A woman who bled to death after her throat was cut from ear to ear had told her sister police would only respond once her ex-boyfriend had stabbed her, a court has heard.
Alice Ruggles, 24, had first reported Lance Corporal Trimaan "Harry" Dhillon to police 10 days before she was found lifeless in the bathroom of her flat in Gateshead last October.
He ignored an official warning to cease contact and sent his ex a parcel through the post.
She informed Northumbria Police, Newcastle Crown Court heard, but while the initial response to her first complaint was "brilliant", she was unhappy with what happened following the second call.
In a statement, her sister Emma, a British Army officer, told the court she advised Ms Ruggles to contact the police but she replied she already had.
The statement said the Sky employee told her sister: "They will respond once he has stabbed me."
Dhillon, a signaller with the 2 Scots, denies murder.
The court heard how Dhillon, who was born in India, started an intense relationship over the internet with Ms Ruggles while he was serving in Afghanistan.
She split with him after she found out he had been messaging other women on the dating site Tinder, jurors were told.
She said she was frightened when he travelled to Tyneside from his barracks near Edinburgh and repeatedly knocked on her door late at night, then tapped on her bedroom window and left flowers and chocolates on the sill.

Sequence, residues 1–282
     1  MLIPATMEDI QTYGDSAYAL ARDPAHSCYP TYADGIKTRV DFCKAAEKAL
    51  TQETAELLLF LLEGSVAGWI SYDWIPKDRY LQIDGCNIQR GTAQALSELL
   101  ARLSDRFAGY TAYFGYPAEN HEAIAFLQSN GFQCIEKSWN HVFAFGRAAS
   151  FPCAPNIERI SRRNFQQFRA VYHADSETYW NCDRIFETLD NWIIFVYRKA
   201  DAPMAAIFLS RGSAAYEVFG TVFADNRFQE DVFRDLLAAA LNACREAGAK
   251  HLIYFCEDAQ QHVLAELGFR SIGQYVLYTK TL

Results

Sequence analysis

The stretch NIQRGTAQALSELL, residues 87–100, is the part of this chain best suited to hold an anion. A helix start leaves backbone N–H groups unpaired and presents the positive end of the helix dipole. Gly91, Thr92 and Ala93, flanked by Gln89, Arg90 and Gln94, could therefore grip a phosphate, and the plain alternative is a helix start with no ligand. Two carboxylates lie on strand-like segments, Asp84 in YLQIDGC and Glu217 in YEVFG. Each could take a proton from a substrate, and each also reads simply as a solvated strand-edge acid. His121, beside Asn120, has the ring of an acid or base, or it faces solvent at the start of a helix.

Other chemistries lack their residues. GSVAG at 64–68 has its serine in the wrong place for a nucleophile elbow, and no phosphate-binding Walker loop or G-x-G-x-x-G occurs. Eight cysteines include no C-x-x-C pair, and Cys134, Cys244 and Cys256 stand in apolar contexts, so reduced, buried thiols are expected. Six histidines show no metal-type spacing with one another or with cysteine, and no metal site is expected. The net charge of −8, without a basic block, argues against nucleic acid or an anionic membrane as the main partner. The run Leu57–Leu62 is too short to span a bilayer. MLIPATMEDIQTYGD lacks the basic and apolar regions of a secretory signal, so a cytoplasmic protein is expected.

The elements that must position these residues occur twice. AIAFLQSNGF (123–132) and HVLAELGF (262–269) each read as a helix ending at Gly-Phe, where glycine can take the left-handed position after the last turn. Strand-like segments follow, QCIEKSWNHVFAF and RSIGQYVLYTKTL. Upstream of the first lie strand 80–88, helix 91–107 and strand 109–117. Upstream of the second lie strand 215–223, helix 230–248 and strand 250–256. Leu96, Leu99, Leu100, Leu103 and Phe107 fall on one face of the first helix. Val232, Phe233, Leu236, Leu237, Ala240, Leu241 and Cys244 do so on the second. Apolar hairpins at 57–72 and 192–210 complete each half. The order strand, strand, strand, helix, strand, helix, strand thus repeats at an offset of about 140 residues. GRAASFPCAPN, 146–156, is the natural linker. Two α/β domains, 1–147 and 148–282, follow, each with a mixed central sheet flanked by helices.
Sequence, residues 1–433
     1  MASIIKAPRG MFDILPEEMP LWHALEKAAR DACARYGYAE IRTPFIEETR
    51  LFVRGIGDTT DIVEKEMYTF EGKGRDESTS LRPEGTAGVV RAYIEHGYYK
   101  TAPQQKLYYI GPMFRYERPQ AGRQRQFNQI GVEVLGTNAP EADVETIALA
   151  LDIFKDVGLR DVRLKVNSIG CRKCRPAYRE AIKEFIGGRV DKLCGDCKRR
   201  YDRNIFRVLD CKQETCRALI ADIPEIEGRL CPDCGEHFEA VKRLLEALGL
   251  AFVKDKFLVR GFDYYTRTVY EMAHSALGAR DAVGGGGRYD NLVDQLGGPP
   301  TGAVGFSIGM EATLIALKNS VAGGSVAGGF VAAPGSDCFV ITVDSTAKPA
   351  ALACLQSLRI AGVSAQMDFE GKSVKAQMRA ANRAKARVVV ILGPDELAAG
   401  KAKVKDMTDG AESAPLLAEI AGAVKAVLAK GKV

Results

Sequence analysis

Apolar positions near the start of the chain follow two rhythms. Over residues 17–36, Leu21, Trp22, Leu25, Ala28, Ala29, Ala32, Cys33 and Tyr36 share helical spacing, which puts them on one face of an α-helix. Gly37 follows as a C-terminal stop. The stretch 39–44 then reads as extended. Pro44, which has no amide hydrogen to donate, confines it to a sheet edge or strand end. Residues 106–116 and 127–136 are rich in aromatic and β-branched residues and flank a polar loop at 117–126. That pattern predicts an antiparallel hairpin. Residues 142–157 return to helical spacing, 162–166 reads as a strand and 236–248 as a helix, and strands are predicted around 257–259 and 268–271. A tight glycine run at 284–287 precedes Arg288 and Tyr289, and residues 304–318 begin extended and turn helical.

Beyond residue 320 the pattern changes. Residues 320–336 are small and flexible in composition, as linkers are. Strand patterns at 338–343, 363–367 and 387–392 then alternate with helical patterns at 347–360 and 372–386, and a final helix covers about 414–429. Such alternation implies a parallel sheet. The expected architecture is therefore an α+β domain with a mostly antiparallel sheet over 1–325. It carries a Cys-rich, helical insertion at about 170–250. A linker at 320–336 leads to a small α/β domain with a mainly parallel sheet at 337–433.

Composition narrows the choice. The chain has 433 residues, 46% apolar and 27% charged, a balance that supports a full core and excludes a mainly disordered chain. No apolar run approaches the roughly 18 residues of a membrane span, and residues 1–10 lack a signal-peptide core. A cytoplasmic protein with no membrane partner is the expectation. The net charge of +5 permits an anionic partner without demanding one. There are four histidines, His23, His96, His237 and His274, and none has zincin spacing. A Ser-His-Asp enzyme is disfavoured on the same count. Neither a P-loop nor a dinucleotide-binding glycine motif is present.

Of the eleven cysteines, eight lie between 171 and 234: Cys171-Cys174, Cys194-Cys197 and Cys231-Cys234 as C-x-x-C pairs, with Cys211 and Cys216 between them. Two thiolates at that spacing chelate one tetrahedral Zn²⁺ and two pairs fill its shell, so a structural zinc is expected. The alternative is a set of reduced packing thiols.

The court has heard a phone message he then left her, repeatedly saying he did not want to kill her.
Ms Ruggles, who grew up in Leicestershire and stayed in Newcastle after studying at Northumbria University, made a police statement on October 2 in which she said he sounded "crazy" on voicemails, and described him as obsessed.
She said: "I feel harassed, alarmed and distressed by this male.
"I want him to leave me alone. I want nothing more to do with him.
"I am terrified of his actions. I am being stalked and I want it to stop."
She said it was affecting her concentration and work, adding: "I don't feel safe in my own home."
The court has heard Dhillon was given an official police warning to stay away from his ex as a result.
A friend of the defendant and Ms Ruggles told the jury that when they were going out with each other, Dhillon made his girlfriend feel self-conscious.
Gen Crozier told the court: "He said some stuff about the size of her nose, hair on her forearms.
"He just made her feel really self-conscious - just not the person she really was."
Ms Ruggles told people Dhillon had hacked into her Facebook account while they were together and Ms Crozier said that led her friend to immediately delete messages she received or sent.
The case continues.